Differential movement

The location of the shelf angles commonly coincides with the placement of horizontal movement joints. These joints are necessary to prevent the transmission of vertical loads through the veneer from one storey to another. However, it is essential to appropriately size the movement joint to accommodate structural movements, veneer movements, and deflections of the shelf angle itself.

In the case of concrete block masonry and cast-in-place concrete, the superstructure is expected to undergo short-term elastic deformations caused by axial loads, as well as long-term creep and chemical shrinkage due to carbonation. For clay brick veneers, it is important to consider the effects of moisture and temperature on the short-term shrinkage and expansion of the bricks, as well as long-term chemical expansion. Occasionally, shelf angles are used to support a masonry veneer locally above an opening. This will typically happen when the opening spans a length that would be impractical to achieve using a loose lintel. In such cases, the masonry supported by the shelf angle above the opening should be separated from adjacent masonry bearing on a different support (e.g., lower shelf angle or building foundation) by a vertical movement joint in order to avoid the buildup of stresses and cracking from differential movements between the two supports.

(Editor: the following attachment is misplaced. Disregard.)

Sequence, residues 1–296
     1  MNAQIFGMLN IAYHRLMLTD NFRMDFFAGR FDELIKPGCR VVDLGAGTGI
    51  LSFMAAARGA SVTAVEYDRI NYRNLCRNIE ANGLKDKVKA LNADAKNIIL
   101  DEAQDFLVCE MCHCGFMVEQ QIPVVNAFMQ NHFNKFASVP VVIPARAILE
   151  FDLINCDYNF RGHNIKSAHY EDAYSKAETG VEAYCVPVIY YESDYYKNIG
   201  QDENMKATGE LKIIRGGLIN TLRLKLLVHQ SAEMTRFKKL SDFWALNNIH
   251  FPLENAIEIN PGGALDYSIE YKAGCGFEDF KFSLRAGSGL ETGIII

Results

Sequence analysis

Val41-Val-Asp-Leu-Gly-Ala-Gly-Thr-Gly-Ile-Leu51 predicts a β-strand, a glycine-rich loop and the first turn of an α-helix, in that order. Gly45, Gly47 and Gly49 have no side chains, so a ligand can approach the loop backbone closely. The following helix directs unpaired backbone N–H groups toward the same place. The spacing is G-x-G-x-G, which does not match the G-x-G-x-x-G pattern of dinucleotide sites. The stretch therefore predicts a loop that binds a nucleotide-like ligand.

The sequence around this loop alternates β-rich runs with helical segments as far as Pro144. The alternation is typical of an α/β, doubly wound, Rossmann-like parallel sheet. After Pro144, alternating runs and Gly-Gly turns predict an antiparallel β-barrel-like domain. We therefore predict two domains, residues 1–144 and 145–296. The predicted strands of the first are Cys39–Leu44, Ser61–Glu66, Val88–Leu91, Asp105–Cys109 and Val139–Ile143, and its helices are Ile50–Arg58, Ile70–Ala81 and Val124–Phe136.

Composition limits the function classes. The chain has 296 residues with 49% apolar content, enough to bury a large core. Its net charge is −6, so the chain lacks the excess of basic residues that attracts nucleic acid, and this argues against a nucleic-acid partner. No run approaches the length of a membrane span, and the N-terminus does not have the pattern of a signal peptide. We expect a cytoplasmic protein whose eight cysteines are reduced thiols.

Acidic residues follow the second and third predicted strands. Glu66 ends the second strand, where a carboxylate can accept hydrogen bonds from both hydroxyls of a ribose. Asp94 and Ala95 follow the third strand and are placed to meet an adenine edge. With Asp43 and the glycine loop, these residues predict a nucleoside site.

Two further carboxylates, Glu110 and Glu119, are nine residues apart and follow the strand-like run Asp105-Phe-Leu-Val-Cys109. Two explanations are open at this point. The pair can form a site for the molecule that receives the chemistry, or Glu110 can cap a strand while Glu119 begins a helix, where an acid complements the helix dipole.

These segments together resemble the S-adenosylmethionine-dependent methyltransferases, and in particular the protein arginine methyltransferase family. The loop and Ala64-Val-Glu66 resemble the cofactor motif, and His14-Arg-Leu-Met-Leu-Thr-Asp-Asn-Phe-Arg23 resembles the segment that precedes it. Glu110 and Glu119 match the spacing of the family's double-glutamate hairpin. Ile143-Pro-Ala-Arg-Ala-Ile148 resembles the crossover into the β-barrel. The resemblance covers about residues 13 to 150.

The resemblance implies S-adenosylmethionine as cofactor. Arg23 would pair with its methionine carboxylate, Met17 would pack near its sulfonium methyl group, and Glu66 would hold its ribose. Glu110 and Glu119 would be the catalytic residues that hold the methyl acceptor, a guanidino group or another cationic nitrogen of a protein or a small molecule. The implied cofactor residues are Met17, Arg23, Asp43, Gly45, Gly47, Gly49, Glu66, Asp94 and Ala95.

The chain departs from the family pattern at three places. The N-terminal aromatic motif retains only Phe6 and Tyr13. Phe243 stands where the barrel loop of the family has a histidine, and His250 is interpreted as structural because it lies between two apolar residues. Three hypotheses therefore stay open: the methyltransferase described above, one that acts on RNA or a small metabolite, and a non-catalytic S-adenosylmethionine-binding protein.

When estimating the size of the movement joint, it is necessary to account for a range of potential relative movements that the veneers may experience over their service life. This ensures that the movement joint is appropriately dimensioned to accommodate these potential movements and maintain the integrity of the wall system.

Part of our Masonry Specification Series

Offering recommendations accompanied with background explanatory material to explain how these recommendations were formed. Click here to see the full series.